Your insurance company should provide a defense. Cooperate with them. I don't see how an additional lawsuit against you or the circumstances could work to your favor. Your father may be liable under a 'negligent entrustment' theory. More likely than not this is what the other party will claim. best of luck.
Yes, depending on your coverage. Generally, you will have to pay any deductible, until your insurance can collect against the negligent driver. However, it is often much better to go through the negligent party's insurance. I would recommend consulting with a personal injury attorney to assist you with your claim.
I am not really sure what your question is. Generally an advanced directive (as you set forth above) is directions to a health care provider to allow someone else to make medical decisions for you when you are unable to do so. In this case, you would be incapacitated, and therefore would not be able to enforce anything. The surrogate decision maker could ask the court for an injunction; however, if the hospital has already acted, you would have to consider how the action would be undone......
There is no magic formula that guides how much to demand for settlement for personal injuries. The demand will be determined by the value of your past medical care, your future medical care, wage loss (if any), the insured's policy limits, and a variety of other factors. I agree you should consult with an attorney to handle your claim, and do not delay. Complex personal injury matters usually take time to properly handle. Best of luck.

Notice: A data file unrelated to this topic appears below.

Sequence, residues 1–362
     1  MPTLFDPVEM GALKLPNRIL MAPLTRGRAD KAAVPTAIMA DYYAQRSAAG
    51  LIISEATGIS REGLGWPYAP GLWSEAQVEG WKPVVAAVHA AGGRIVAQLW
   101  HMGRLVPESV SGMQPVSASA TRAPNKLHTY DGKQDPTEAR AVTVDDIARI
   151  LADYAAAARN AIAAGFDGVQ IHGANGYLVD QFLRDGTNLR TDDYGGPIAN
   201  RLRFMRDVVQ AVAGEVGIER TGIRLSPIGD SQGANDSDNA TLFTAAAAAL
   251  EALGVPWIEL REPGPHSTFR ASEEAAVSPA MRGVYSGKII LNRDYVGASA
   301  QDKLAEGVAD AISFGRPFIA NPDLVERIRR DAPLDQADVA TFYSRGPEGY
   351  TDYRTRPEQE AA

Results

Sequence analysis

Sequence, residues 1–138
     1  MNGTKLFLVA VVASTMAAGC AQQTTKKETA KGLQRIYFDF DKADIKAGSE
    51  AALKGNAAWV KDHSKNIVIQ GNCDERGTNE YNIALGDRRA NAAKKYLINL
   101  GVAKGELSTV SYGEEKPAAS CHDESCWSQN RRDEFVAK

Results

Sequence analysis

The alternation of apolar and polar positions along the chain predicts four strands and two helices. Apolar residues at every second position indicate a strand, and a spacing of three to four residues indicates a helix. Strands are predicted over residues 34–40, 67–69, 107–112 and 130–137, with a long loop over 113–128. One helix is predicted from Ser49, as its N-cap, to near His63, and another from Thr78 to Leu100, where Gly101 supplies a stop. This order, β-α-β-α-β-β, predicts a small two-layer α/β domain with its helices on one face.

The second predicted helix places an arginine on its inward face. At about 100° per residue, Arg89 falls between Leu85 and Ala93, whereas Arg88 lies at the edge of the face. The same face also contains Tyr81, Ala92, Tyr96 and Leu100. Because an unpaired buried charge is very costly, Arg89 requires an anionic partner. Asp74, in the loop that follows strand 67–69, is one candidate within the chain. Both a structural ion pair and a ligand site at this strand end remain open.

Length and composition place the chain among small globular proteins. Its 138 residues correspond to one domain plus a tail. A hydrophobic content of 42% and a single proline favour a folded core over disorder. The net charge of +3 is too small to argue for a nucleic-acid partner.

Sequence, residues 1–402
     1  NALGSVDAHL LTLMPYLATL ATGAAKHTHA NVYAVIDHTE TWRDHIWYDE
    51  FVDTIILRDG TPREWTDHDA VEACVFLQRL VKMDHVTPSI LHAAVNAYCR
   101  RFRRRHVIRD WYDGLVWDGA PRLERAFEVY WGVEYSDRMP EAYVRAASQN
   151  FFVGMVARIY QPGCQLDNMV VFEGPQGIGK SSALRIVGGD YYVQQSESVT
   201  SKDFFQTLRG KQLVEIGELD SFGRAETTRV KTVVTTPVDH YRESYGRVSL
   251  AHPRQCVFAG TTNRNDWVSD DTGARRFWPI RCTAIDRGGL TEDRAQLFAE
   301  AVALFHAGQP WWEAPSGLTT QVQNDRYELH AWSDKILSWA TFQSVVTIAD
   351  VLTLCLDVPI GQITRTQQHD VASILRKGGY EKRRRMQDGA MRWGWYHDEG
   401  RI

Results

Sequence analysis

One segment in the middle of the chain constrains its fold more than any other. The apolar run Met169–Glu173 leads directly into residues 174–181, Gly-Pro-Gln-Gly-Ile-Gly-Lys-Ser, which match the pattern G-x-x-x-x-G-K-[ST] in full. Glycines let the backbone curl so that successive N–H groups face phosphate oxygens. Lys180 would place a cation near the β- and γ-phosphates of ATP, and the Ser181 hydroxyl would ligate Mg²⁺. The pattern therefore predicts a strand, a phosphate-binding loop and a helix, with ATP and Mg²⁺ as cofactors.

You can file a lawsuit, but the real question is whether you would be successful. I would recommend having your case carefully reviewed by a civil litigation/ personal injury attorney. You will have to show that someone was negligent (whether in manufacturing, repair, etc), and that because of the failure you were harmed.
Basically, a plea bargain is the equivalent of a contract between the accused and the prosecution. In exchange for a guilty/no contest plea, (this avoiding the need for a costly trial), the prosecution agrees to do something (drop certain charges, reduced sentence, lesser penalty, etc.). A plea bargain is within the discretion of the prosecution to offer, and on occasion may be rejected by the judge.